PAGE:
Having orchestrated a number of features on stellar saxophonist Steve Williamson in Straight No Chaser and been instrumental in taking his band, That Fuss Was Us’ to play in Japan, I have no qualms in saying that I am a fan… a believer in what this man has to offer.
It was a blistering, late night performance of Steve Williamson’s That Fuss Was Us, at Gold in Tokyo, that was instrumental in getting the hard core Japanese Jazz establishment to take the nu-generation of UK based jazz warriors seriously. Basically, the senior editor of Japan’s most prestigious jazz journal described their performance at Gold as the most thrilling session he’d seen since witnessing the debut of Miles Davis’ electric band.
A crucial member of the Jazz Warriors in the mid 1980s, Steve Williamson record three superlative solo albums, ‘Waltz For Grace’, ‘Rhyme Time [That Fuss Was Us]’ and ‘Journey To Truth’. Each of these albums is endowed with an abundance of challenging compositional ideas and an approach to rhythm that reflects Steve’s affinity to Hip Hop and the NYC M-Base movement as well as his passion for African music and his own Jamaican heritage.
However, life is never simple and some it takes a toll more than others. As such, Steve has had a tendency to vanish off the radar and though it seemed a little weird at first, the news that Gary Crosby’s Tomorrow’s Warriors Jazz Orchestra is set to celebrate the music of Steve at the RFH has to be cause for celebration.
“For me… and anyone around the Jazz Warriors… we accepted he was the one! We knew he was a genius.” declares Gary Crosby – bassist and artistic director of Tomorrow’s Warriors – and it’s his commitment to Williamson as a pivotal figure in the evolution of the UK jazz scene that has led him to stage the South Bank performance.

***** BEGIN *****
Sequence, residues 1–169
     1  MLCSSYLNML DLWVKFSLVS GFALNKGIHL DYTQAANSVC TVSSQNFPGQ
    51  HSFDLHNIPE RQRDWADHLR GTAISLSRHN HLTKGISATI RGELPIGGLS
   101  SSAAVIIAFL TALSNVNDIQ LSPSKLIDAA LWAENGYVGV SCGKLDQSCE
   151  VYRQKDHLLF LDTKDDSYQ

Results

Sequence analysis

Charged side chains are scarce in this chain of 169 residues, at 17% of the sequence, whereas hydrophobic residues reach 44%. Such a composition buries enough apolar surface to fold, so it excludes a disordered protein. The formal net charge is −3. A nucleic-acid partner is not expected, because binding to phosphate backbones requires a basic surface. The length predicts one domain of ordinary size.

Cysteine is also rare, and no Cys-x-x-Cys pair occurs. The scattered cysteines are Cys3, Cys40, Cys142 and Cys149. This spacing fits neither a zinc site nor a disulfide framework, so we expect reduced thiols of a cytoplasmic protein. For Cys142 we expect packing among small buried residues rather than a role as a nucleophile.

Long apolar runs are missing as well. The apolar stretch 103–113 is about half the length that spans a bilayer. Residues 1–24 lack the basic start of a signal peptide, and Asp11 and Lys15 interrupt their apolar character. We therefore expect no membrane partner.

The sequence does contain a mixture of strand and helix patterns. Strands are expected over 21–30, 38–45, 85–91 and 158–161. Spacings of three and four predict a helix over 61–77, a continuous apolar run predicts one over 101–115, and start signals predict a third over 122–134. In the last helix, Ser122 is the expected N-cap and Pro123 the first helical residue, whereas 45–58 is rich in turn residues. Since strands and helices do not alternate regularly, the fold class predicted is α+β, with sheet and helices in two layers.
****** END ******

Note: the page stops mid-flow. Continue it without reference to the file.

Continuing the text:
“This performance is the first in a series celebrating great British jazz musicians. The Tomorrow’s Warriors Orchestra, is made up of young players like Peter Edwards, James Mackay and Binku Golding alongside experienced players like Denys Baptiste and Kevin Robinson. Myrna Hague is coming in from JA to sing ‘Waltz For Grace’. Interpreting Steve’s compositions is definitely a challenge and for this performance we will mostly take tracks from ‘Waltz For Grace’ plus one or two from the second album. Steve is a daring musician and these are adventurous charts for such a large ensemble.”
Apparently, Steve has dropped into the rehearsals a couple of times to have a listen. He gets on with “the juniors”, making the connections and delivering the word on what they need to know. Hopefully, the saxophonist will be present at the pre-concert conversation hosted by journalist/broadcaster Kevin Legendre. It will discuss the impact of Steve Williamson’s music and its relevance as a soundtrack to the late Eighties and Early Nineties.
I last saw Steve play in November 2009, during the London Jazz Festival. It was a small but packed gig at Charlie Wrights in Hoxton. It was a largely improvised set and Steve, who featured on tenor and soprano, was joined by UK avante garde stalwarts Roger Turner on drums , Pat Thomas on keys & electronics and by NYC based trumpeter Roy Campbell who has collaborated with David Murray, Sun Ra, Cecil Taylor and John Zorn. It was thrilling and exhilarating session that once more confirmed Steve as a fierce talent and I for one will be at the South Bank to check this ambitious tribute which aims to link generations and shine a light on a serious artist who has slipped into the shadows.
The Tomorrow’s Warriors Jazz Orchestra Play the Music of Steve Williamson
Saturday 23 July at 7:45pm,
Purcell Room, Southbank Centre,
London SE1 8XX